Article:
Anonymous said...

Okay, so let's take it as given that academic output is mostly useless and worthless.

What does that mean for the university system? Academic output is a vital part of the university system which, I think unquestionably, does have value. To some extent, you must conceed that academic output is an important cog in the system and therefore, through this relationship, has worth.

Of course, there are many problems with the system and changing the role of academic output in this system could well lead to improvements. But in the current state of affairs, I still believe it has value.

I'd like you to conceed that rejecting papers because you percieve them as worthless is unconstructive because the current system does have a value and by rejecting you are, in an unconstructive way, damaging the (imperfect but still valuable) system.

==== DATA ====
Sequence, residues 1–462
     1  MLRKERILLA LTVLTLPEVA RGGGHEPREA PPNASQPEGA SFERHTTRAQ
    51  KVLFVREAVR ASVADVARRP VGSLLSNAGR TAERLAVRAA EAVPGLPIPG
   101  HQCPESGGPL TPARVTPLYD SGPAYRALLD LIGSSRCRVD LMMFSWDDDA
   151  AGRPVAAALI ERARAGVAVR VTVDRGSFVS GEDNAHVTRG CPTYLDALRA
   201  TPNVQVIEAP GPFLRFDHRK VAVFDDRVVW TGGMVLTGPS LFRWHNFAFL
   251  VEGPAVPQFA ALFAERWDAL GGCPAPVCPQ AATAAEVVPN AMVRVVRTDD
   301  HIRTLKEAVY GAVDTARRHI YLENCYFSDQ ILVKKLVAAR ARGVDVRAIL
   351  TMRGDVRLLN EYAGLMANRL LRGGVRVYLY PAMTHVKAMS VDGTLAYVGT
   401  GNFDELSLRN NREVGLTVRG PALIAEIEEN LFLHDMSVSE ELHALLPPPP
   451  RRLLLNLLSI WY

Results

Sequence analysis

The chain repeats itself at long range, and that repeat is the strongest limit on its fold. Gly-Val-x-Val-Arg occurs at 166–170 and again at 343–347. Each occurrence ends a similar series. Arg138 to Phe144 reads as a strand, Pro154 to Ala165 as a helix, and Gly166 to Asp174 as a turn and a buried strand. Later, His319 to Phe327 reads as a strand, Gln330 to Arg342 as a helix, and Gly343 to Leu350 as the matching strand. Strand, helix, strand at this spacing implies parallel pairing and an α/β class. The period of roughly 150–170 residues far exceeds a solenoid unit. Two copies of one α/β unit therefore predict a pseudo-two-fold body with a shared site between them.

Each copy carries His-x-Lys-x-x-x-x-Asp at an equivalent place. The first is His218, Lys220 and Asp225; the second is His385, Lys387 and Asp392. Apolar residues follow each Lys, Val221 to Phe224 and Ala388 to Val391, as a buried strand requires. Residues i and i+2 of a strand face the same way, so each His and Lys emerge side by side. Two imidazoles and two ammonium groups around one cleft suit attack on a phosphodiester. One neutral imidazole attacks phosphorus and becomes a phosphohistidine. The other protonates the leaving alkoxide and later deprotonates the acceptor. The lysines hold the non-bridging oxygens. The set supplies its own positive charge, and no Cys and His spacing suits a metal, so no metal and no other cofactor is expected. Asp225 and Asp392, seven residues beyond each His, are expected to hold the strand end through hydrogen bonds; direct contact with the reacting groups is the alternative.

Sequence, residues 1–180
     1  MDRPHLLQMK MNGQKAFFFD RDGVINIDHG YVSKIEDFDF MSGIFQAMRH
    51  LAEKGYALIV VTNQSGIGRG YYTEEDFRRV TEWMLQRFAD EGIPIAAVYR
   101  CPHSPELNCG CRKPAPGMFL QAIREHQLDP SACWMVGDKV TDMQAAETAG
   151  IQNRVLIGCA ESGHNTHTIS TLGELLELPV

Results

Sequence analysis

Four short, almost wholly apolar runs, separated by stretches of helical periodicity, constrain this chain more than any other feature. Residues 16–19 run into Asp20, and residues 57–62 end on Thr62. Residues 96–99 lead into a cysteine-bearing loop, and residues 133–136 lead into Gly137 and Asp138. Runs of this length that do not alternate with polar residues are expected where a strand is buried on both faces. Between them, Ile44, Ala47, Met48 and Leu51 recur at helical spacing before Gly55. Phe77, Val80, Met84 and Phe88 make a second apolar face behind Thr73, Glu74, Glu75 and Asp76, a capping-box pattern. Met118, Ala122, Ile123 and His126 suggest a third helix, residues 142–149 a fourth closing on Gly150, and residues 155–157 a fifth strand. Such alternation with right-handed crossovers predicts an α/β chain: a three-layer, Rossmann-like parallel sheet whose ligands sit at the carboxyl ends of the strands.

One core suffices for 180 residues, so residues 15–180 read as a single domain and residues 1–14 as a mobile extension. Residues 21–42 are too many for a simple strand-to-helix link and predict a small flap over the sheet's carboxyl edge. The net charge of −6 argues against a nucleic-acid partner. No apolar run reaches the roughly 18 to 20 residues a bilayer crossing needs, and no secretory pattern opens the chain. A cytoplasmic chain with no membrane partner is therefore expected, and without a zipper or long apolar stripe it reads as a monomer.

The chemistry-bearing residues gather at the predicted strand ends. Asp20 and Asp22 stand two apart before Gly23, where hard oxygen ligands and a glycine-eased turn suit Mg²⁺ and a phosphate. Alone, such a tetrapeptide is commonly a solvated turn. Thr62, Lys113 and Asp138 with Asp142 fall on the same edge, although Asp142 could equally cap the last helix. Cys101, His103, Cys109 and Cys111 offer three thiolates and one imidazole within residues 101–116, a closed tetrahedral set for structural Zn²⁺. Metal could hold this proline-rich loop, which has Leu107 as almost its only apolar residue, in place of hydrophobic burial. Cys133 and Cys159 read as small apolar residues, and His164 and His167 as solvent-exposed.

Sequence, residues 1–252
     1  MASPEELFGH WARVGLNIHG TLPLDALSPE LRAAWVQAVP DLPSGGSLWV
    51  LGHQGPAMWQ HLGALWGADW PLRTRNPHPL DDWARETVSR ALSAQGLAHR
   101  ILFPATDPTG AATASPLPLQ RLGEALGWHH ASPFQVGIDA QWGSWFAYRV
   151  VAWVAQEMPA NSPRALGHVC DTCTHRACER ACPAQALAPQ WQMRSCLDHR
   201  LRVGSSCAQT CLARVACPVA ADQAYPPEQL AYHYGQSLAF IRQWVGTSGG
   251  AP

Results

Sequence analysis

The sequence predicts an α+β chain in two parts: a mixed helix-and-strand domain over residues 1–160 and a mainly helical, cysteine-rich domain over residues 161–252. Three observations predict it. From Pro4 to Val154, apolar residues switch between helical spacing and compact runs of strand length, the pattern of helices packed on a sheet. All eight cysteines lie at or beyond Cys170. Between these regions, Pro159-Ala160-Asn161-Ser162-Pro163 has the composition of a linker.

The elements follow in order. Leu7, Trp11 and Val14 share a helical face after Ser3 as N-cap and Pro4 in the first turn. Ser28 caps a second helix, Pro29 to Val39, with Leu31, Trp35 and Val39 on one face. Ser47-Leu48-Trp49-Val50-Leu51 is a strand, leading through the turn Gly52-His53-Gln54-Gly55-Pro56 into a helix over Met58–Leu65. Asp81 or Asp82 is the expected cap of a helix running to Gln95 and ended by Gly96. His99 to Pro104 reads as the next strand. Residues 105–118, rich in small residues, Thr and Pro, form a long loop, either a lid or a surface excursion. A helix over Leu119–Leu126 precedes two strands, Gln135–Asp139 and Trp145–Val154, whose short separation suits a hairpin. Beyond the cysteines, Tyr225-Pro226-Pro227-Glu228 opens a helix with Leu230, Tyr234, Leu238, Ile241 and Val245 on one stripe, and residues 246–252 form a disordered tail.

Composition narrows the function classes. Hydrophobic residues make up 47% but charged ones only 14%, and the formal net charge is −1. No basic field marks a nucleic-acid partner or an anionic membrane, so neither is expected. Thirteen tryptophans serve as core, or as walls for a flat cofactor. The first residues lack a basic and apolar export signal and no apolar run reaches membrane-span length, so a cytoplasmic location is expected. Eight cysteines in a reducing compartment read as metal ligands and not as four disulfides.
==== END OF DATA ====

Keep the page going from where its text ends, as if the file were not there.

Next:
By all means, try and change the system but not by rejecting some poor dude's paper because it doesn't fit into your ideas about how the system should look, regardless of how valid those ideas are.

yes? no?

Adam

David Zetland said...

@Adam -- (1) I don't think that ALL papers are worthless, only the majority. (2) Universities need to TEACH and many of them spend very little effort on that (incentives) vs research that produces... useless papers.

Universities are great as an idea, but poor execution means that we may be getting 1/3 to 1/2 the output we could, in terms of value for money.